Motivated by the approach given in [34] we investigate the effect of the softening constitutive law (1.3) on the nucleation of fracture inside a peridynamic body. We consider a generic peridynamic neighborhood \(\mathcal{H}_{\epsilon}(x)\) of radius ϵ about the point x. For points x′ inside \(\mathcal{H}_{\epsilon}(x)\) we say that the material between x and x′ (the bond) is critically strained if the magnitude of the shear strain \(\mathcal{S}^{\epsilon}=\eta^{\epsilon}(x)/(\epsilon\xi)>\overline {\eta}/(\epsilon\xi)\), otherwise the shear strain is called subcritical. A linear stability analysis is given that identifies necessary conditions for fracture nucleation inside \(\mathcal{H}_{\epsilon}(x)\). These conditions are directly linked to the appearance of subsets of critically strained bonds inside \(\mathcal{H}_{\epsilon}(x)\) with nonzero area fraction. The fracture nucleation condition given by Proposition 2.1 implies that if the neighborhood contains a nonzero area fraction of critically strained bonds then the neighborhood can be linearly unstable and a displacement jump can be nucleated. These results are presented in Sect. 2.3.
We focus on the peridynamic neighborhoods \(\mathcal{H}_{\epsilon}(x)\) that contain critically strained bonds over an area fraction larger than ϵ ^{ α } with exponent 0<α<1 and 0<ϵ ^{ α }<1. These neighborhoods are referred to as unstable neighborhoods. Under this definition unstable neighborhoods have the potential to nucleate jump discontinuities. We apply this definition to identify a set where unstable neighborhoods for the flows u ^{ ϵ }(t,x) concentrate as the peridynamic horizon approaches zero. To present the idea we fix α and consider the collection of centroids x of all the unstable neighborhoods \(\mathcal{H}_{\epsilon}(x)\) with critically strained bonds over an area fraction greater than ϵ ^{ α } for a family of flows with δ>ϵ>0. This collection is denoted by the set \(C^{\alpha}_{\delta}\). It is shown that the area of \(C^{\alpha}_{\delta}\) vanishes as δ→0 and that the collection of centroids for unstable neighborhoods concentrate onto a set \(C^{\alpha}_{0}\) of zero area as δ→0. This is shown to be true for every choice of 0<α<1 and we take the intersections of these sets denoted here by \(C^{0}_{0}\). The set \(C^{0}_{0}\) is associated with centroids of neighborhoods for which all bonds have become soft. The dynamics associated with each point in the reference configuration belonging to the set \(C_{0}^{0}\) is not affected by the motion of its surroundings. With these ideas in mind the set \(C^{0}_{0}\) presents itself as an alternate description of the crack set in the small horizon limit.
It is shown that the concentration of instability is inevitable for convexconcave peridynamic potentials and is directly linked to the energy budget associated with the peridynamic motion. The analysis shows that for a family of peridynamic flows {u ^{ ϵ }(t,x)}_{ ϵ>0} all driven by the same initial conditions and body forces that the peridydnamic potential energy of each flow is bounded uniformly in time 0≤t≤T independently of the radius of the horizon, see Sect. 4.2. This bound is shown to force the localization see Theorem 2.3. These observations are presented in Sect. 2.4 and established in Sect. 4.5.4.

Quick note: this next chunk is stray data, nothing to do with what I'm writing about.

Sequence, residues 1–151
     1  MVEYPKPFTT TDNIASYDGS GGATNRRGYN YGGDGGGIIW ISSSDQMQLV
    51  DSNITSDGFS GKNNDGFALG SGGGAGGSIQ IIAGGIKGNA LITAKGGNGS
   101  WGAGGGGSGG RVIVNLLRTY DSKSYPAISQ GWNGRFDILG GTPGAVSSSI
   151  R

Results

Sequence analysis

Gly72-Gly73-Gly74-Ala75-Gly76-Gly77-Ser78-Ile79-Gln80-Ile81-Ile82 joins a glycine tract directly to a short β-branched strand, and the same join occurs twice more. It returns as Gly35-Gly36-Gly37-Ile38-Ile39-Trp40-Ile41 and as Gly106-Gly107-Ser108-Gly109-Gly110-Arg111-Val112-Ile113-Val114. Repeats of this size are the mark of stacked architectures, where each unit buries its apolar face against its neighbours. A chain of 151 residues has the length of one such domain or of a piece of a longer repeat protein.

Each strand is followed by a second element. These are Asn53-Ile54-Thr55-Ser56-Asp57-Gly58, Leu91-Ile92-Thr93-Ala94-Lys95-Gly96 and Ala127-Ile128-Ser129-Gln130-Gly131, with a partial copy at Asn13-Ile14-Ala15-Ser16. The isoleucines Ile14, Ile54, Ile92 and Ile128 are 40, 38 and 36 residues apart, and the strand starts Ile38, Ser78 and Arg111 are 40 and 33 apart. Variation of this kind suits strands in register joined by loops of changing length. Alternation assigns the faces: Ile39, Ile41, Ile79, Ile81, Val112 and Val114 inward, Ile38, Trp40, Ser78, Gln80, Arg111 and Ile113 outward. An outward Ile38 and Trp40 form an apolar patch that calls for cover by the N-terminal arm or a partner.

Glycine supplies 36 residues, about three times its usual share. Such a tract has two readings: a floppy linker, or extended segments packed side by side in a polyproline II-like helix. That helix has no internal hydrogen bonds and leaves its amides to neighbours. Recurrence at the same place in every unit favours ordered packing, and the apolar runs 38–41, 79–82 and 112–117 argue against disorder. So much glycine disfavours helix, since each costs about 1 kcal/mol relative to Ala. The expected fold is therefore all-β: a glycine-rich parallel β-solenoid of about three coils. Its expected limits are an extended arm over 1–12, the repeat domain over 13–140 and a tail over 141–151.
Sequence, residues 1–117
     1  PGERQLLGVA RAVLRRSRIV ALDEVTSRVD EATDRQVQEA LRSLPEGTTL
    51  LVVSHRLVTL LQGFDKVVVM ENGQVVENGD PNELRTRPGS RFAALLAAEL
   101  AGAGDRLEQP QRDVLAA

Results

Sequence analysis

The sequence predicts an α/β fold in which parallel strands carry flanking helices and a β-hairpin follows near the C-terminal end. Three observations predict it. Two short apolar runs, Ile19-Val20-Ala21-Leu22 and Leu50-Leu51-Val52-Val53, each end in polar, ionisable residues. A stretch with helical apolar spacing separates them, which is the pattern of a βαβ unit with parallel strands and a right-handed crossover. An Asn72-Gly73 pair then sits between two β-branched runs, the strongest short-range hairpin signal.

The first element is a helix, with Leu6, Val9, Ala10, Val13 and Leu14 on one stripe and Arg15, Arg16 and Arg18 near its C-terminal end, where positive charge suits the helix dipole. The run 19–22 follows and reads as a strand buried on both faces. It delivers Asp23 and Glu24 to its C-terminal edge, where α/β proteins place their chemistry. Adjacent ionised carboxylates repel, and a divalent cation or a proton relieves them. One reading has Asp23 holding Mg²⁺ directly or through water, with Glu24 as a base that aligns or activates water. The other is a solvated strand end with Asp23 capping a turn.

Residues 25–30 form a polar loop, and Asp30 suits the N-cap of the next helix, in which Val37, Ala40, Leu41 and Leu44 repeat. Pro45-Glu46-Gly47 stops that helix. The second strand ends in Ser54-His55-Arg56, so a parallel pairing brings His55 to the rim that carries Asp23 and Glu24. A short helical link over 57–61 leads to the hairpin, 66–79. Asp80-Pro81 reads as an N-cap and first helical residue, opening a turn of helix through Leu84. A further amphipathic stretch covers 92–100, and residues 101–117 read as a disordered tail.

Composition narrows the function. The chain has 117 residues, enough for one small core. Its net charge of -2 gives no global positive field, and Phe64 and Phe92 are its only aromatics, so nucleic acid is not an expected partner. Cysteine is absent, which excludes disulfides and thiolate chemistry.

Within the context of Sect. 3.2 we will apply these observations and adopt the hypothesis that the crack set \(S_{u^{0}}\) for the limit evolution and \(C^{0}_{0}\) are one and the same, see Hypotheses 3.3. We employ a scaling analysis to the peridynamic equation of motion to discover that the limit evolution u ^{0}(t,x) satisfies the wave equation at every point in spacetime where ∇u ^{0} is defined see Theorem 3.4. The wave equation provides the dynamic coupling between elastic waves u ^{0}(t,x) and the evolving fracture path \(S_{u^{0}(t)}\) inside the media. It is important to point out that the limiting dynamic fracture evolution described here follows from scaling arguments and on passing to a distinguished limit in the peridynamic formulation. These results are presented in Sects. 3.1 and 3.2. The mathematical tool set appropriate for extracting the limit behavior from this class of peridynamic models is based on Γconvergence and comes from the literature associated with the analysis of the Mumford Shah functional and free discontinuity problems see, [21, 22], and [23].
We point out here that other related recent work focuses on passing to the small horizon limit for linear peridynamic formulations; establishing a link between linear elasticity and peridynamics see [14, 16, 27, 33].
In closing we note that there is a vast literature on fracture modeling and a complete survey is beyond the scope of this paper. Instead we point out recent proposals for computing crack propagation in dynamic and quasi static settings. Approaches using a phase field for the damage set and a linear elastic field, to represent crack propagation have been proposed and developed in [9, 26], and [7]. Wave equations for fields inside domains with evolving cracks are posed in [11] and variational aspects of sharp interface models are discussed in [25]. For quasi static problems variational phase field methods are developed in the pioneering work of [8, 18]. More recently a two field method using eigendeformations for the fracture field is developed for quasi static problems in [29]. Alternative nonlocal formulations have been developed for quasi static crack propagation in [5, 10].